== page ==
Combination Effects > Effect.Fade

Makes an element fade away and takes it out of the document flow when the effect is complete by setting the CSS display property to none. Opposite of Effect.Appear.


Effect.Fade('id_of_element', { duration: 3.0 });

There’s also a shortcut method offered which you can call on the element itself. Note, that this will only work on Prototype-extended elements (elements you extended at least once via calling $(element)).

$('id_of_element').fade({ duration: 3.0, from: 0, to: 1 });


Options Description
duration float value, in seconds, defaults to 1.0
from float value, defaults to 1.0, percent of opacity to start
to float value, defaults to 0.0, percent of opacity to end


Can take an options parameter, to control the underlying Effect.Opacity effect.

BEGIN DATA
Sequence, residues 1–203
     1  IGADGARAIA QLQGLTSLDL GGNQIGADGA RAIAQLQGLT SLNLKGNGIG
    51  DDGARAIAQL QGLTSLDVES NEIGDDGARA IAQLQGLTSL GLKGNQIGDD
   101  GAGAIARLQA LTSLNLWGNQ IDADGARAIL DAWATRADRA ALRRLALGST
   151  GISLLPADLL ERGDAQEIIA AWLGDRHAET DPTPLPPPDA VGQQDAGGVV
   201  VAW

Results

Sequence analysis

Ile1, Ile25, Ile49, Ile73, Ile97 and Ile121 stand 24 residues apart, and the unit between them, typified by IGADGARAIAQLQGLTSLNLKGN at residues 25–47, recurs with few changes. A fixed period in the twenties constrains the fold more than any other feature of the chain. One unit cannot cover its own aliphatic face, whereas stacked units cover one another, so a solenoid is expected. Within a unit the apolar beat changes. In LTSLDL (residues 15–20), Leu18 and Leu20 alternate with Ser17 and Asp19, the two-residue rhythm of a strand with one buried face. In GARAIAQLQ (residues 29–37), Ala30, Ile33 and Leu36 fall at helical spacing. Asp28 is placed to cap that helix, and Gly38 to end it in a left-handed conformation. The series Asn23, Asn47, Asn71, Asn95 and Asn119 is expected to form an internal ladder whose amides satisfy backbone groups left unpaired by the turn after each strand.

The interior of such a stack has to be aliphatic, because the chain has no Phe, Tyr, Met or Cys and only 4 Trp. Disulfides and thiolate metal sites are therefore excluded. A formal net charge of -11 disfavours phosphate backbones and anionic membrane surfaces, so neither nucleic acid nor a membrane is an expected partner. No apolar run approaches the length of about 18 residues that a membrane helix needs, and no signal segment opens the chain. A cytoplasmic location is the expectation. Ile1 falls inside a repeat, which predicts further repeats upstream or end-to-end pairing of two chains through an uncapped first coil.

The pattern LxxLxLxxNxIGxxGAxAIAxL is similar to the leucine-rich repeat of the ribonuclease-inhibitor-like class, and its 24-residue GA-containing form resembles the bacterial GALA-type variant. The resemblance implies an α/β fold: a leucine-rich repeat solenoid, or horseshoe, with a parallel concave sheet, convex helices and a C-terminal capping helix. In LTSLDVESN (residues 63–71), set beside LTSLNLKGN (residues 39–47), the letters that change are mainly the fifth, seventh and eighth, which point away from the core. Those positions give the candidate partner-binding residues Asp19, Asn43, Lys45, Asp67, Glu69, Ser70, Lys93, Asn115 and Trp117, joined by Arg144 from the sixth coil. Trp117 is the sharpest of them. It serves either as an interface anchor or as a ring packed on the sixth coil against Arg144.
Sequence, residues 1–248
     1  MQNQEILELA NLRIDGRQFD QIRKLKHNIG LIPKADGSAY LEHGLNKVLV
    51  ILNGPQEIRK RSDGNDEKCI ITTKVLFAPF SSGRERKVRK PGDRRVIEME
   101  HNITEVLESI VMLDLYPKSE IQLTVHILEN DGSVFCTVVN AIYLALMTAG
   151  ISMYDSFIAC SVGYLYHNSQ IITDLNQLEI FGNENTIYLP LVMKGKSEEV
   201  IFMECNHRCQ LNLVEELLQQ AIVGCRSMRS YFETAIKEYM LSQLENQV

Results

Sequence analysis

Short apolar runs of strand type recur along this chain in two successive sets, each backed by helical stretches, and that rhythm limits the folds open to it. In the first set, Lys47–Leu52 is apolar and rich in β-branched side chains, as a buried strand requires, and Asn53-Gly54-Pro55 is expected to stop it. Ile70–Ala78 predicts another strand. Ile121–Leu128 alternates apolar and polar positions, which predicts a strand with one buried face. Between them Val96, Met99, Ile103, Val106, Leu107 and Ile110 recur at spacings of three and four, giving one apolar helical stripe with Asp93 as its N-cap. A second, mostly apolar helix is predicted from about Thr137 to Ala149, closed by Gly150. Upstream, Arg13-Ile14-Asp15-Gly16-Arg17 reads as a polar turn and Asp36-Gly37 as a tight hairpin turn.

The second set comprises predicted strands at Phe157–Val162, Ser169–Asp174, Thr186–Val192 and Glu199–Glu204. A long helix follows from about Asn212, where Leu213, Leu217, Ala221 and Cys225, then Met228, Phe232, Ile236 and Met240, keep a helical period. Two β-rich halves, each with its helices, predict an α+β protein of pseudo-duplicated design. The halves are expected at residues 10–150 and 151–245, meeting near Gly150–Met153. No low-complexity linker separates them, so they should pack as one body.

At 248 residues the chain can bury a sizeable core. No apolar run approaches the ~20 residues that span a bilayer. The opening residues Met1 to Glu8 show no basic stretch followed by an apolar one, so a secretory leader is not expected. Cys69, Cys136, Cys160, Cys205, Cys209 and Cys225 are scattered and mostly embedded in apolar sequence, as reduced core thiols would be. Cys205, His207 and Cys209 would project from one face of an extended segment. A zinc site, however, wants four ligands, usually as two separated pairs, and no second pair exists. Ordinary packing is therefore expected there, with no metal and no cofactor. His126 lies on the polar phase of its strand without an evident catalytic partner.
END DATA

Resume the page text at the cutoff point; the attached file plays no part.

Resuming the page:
Works safely with most HTML elements, except table rows, table bodies and table heads.

On Microsoft Internet Explorer, this effect may display a bold/ghosting artifact on elements that don’t have a defined background. It’s unclear if this is a feature or a bug.

Microsoft Internet Explorer can only set opacity on elements that have a ‘layout’. To let an element have a layout, you must set some CSS positional properties, like width or height. See Giving Elements Layout. (Note: This is fixed in V1.5_rc1.


Source code of this demo

<div id="fade_demo" style="width:80px; height:80px; background:#c2defb; border:1px solid #333;"></div>
  <li><a href="#" onclick="$('fade_demo').fade(); return false;">Click here for a demo!</a></li>
  <li><a href="#" onclick="$('fade_demo').show(); return false;">Reset</a></li>